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Is a seaman’s release of claims enforceable?

On Behalf of | Aug 8, 2018 | Maritime Law

When accepting a personal injury settlement, the injured party must sign a release absolving the negligent party from any future injuries arising from the accident. This is also the case in the maritime industry, in which seamen face a myriad of risks and often find themselves injured as a result. Pacific Maritime Magazine explains seaman’s release of claims and whether these acts are considered enforceable.

Right to Compensation

Federal law dictates whether a seaman can be compensated for injuries he sustained while aboard a vessel, as well as whether a release of claim for a settlement can be enforced. The latter consideration is typically based on four things. First, was compensation considered adequate for the damage incurred? Next, was the extent of the injuries properly communicated to the seaman (including the outcome)? Third, was the seaman’s legal rights sufficiently communicated, and fourth, was there overreaching (meaning was the seaman taken advantage of)?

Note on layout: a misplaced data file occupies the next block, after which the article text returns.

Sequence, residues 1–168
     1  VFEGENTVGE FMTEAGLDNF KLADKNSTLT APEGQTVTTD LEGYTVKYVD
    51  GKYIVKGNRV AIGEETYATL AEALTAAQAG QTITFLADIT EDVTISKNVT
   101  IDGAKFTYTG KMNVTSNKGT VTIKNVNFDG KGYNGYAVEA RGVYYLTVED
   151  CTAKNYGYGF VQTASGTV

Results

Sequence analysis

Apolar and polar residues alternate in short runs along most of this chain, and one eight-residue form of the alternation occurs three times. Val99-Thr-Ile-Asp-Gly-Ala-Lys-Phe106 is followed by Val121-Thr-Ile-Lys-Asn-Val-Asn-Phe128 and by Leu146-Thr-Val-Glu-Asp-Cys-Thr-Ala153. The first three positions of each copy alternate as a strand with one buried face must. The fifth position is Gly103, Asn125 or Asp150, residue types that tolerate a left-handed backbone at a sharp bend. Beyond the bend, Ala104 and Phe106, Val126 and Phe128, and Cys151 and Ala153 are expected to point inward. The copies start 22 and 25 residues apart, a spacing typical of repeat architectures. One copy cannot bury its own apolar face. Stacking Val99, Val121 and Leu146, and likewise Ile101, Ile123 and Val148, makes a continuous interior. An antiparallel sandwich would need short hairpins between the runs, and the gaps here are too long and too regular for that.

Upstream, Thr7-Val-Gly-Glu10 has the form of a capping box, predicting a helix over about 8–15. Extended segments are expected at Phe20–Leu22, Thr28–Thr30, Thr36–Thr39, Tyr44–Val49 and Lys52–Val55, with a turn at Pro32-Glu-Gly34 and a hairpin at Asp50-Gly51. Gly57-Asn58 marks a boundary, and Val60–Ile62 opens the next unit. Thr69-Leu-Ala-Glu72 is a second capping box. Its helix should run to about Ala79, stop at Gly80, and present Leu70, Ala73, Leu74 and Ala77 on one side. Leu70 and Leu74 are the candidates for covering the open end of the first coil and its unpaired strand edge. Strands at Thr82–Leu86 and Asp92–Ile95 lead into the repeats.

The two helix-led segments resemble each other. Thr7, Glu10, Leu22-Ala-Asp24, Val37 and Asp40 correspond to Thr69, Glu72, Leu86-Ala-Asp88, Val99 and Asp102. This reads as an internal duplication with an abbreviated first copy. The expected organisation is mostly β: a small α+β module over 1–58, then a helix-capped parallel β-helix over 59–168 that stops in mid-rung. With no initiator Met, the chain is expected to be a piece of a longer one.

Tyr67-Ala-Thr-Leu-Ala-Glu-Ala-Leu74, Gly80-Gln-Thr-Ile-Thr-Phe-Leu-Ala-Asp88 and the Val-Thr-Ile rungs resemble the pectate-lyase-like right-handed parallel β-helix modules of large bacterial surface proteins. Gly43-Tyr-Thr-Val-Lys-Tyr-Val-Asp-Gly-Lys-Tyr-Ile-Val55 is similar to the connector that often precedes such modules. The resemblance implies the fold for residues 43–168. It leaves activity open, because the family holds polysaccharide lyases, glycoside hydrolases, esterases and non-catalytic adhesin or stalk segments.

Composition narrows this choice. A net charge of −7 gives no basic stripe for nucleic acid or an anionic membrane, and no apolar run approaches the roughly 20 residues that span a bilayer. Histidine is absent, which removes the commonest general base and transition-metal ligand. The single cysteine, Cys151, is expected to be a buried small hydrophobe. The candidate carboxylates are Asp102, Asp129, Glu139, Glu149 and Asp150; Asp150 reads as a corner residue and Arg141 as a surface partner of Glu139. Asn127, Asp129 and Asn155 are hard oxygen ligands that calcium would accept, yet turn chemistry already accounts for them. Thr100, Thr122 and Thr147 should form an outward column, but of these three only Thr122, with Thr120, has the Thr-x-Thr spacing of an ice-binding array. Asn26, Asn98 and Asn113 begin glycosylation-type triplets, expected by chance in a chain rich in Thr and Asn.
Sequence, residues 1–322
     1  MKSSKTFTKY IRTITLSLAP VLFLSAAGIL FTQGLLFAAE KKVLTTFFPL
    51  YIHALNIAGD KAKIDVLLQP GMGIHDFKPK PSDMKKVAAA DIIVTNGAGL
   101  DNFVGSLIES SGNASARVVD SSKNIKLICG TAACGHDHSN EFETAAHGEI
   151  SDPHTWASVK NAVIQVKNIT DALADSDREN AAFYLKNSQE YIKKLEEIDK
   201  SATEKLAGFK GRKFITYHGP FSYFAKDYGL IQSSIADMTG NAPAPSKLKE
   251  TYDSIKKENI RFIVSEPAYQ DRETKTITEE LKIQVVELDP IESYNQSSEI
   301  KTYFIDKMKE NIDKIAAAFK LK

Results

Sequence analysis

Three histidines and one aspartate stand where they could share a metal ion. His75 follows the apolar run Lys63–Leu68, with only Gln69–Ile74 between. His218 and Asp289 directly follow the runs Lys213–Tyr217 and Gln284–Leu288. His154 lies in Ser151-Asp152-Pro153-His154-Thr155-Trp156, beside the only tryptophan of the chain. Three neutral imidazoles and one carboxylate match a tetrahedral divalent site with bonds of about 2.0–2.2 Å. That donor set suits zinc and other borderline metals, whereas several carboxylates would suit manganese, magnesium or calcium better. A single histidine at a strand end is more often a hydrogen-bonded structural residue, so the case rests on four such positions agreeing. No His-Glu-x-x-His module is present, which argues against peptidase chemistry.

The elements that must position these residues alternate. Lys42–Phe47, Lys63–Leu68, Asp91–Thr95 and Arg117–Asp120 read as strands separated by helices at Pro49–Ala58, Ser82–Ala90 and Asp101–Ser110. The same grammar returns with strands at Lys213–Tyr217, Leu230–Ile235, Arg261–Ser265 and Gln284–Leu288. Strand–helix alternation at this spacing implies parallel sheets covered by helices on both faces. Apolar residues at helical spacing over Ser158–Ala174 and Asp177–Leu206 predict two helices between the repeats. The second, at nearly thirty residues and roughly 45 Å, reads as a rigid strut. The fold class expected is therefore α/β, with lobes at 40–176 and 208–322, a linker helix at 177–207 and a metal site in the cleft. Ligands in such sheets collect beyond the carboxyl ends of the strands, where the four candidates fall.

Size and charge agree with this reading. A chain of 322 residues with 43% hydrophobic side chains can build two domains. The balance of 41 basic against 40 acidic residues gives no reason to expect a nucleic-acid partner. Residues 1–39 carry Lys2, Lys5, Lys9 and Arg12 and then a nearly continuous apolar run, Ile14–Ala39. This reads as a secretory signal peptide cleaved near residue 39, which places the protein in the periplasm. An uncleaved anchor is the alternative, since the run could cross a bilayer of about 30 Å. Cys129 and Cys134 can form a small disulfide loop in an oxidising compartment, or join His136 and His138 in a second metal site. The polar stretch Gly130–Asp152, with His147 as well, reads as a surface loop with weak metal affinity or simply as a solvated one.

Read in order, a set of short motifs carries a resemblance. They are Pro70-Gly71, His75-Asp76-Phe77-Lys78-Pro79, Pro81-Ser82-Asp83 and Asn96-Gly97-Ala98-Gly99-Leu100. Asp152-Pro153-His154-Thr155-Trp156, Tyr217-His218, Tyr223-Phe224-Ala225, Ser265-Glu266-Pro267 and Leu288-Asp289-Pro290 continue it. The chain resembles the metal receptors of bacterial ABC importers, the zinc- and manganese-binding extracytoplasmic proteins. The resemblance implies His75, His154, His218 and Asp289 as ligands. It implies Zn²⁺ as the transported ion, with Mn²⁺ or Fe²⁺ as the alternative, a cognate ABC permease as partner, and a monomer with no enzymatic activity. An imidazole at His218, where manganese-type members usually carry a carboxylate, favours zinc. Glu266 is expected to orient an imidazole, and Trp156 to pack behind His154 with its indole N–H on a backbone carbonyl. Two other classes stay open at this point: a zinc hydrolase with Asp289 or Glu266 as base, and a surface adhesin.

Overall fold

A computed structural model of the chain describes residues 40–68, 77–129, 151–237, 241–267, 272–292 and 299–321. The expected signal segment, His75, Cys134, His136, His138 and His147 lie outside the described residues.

When Releases Can Be Enforced

In once example, a release of claims was considered enforceable when a worker hurt his back and was compensated for medical expenses (including surgery). As a part of his release, he was told he was to no longer to work for the same employer, and if he did and was injured he would not be eligible for compensation. Due to an oversight performing background checks, the seaman was hired by the same company, worked aboard a vessel and was subsequently injured. The court upheld the initial settlement and refused to provide compensation for the subsequent injury.

When Releases Can’t Be Enforced

In another example, a court determined that a release of claims wasn’t unenforceable. An accident with a piece machinery led to a worker’s loss of four fingers (which the worker was responsible for). The company paid for medical care and urged that the worker not to return until he was cleared by medical staff. The seaman claimed that he was able to work and wanted to return due to financial problems and the company agreed to pay a sum of money and rehire him under the condition that he could be terminated under any circumstances. When he found he could no longer work upon return, he sued the company and was found successful since the court determined that he’d been taken advantage of.